Official inflation is 2.1% but unofficially – that is to say, in the real world – it’s much higher. The retail price index, a more realistic measure of inflation, is 4%.
The pay offer for teachers (in England and Wales) is in line with the pay review body’s recommendation – something which did not happen for the police.
So that’s the end of the “public sector pay causes inflation” myth, then.
The fact that teachers have the right to strike will not go unnoticed by the police, who lack this basic right.
Could it be that the government gave a better offer to the teachers because they feared a strike? Yep. That’s it…
But no, wait – a three-year deal? That’s a bit harder to swallow.
Ed Balls, the absurdly-named education minister, is a close ally of Prime Minister Gordon Brown. The 2.45% deal is direct from Brown, a sign that his planned pay cap is not working.
The strategy now is to split public sector workers – prevent an alliance of public sector unions, at all costs.
The cost this time has been the headline-grabbing offer which breaks the 2% pay cap.
What to do to get back at the government? For starters those unions affiliated to Labour should stop financing New Labour….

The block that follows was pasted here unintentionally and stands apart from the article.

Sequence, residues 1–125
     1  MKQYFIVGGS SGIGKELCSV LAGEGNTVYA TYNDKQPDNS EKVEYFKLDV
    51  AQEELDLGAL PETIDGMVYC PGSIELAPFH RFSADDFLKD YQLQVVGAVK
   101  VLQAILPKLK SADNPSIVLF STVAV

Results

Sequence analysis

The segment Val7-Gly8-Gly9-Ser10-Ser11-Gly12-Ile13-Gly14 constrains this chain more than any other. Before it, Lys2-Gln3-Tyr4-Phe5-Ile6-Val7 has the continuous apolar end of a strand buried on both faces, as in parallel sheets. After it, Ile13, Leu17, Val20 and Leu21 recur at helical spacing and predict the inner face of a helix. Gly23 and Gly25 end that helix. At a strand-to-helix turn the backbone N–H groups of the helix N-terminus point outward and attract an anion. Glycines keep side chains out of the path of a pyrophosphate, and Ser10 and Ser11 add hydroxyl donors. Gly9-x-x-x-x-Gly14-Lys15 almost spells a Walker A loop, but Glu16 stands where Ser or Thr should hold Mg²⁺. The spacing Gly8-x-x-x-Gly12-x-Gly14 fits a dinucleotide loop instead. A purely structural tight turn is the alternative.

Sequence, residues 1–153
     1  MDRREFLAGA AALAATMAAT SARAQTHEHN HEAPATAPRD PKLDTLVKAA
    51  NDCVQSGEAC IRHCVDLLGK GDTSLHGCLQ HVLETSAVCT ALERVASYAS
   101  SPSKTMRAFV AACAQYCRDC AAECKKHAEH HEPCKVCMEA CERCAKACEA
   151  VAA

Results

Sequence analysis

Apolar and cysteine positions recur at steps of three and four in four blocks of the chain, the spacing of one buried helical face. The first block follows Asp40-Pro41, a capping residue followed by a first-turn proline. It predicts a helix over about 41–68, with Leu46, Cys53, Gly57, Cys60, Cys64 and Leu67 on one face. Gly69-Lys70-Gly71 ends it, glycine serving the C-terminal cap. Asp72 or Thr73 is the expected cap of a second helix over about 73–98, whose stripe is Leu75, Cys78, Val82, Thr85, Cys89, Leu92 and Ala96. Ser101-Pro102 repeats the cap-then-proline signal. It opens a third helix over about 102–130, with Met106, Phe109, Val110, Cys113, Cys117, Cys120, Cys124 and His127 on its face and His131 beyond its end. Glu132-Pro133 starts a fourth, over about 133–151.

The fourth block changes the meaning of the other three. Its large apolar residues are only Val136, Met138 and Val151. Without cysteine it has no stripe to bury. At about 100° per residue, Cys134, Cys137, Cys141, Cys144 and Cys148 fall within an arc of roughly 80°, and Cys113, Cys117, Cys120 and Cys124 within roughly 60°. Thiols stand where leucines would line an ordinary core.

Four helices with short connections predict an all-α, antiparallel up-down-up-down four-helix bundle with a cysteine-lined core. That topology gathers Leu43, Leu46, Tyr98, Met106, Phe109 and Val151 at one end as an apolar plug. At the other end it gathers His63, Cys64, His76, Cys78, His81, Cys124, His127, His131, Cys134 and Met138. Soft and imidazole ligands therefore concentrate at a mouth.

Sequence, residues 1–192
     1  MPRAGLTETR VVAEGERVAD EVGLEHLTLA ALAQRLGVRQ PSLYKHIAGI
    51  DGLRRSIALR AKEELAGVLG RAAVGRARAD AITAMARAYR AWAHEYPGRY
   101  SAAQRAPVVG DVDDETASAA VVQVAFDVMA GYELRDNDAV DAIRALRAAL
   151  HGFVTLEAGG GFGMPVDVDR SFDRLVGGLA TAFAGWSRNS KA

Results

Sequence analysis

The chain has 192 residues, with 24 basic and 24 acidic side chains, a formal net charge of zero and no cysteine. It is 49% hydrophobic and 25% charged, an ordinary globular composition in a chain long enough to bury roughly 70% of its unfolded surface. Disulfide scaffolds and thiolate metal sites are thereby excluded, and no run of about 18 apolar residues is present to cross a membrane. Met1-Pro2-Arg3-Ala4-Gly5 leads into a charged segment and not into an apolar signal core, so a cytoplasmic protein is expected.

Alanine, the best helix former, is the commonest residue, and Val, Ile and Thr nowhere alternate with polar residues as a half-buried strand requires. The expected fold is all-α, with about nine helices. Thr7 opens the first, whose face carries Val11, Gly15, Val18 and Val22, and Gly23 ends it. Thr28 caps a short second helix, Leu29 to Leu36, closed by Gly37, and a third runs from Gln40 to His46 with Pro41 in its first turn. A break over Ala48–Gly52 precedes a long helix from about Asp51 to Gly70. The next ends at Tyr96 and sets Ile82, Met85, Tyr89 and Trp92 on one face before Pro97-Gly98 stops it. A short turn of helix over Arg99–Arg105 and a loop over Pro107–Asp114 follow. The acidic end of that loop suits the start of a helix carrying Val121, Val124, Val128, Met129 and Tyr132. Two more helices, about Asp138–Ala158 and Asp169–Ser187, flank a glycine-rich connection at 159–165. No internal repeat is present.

This issue of workers’ rights and pay cuts has a national dimension, too. The prison officers have been banned from taking strike action, but not in Scotland. The independent pay review body’s recommendation on police pay was ignored, but not in Scotland.
The Scottish government’s decisions are based on the SNP’s desire for Scottish independence – the argument for continuing to allow prison officers their rights and for giving police the pay increase recommended by the independent review is that public servants need to feel valued for the hard work they do.
Food inflation is growing at the fastest rate on record, fuel and transport costs are also increasing by double digit percentages (note that there will be no action by Ofgem, the energy regulator, despite rising bills).
Given that we all have to eat, heat our homes, and travel on a regular basis, all that can be done in this situation is demand more pay. This is not out of greed, but necessity.
Unite, Unison and the GMB are demanding a 6% increase for council staff – a not unreasonable demand considering the increases in food, fuel, and travel costs.
So, can we assume that teachers will say, “No deal“?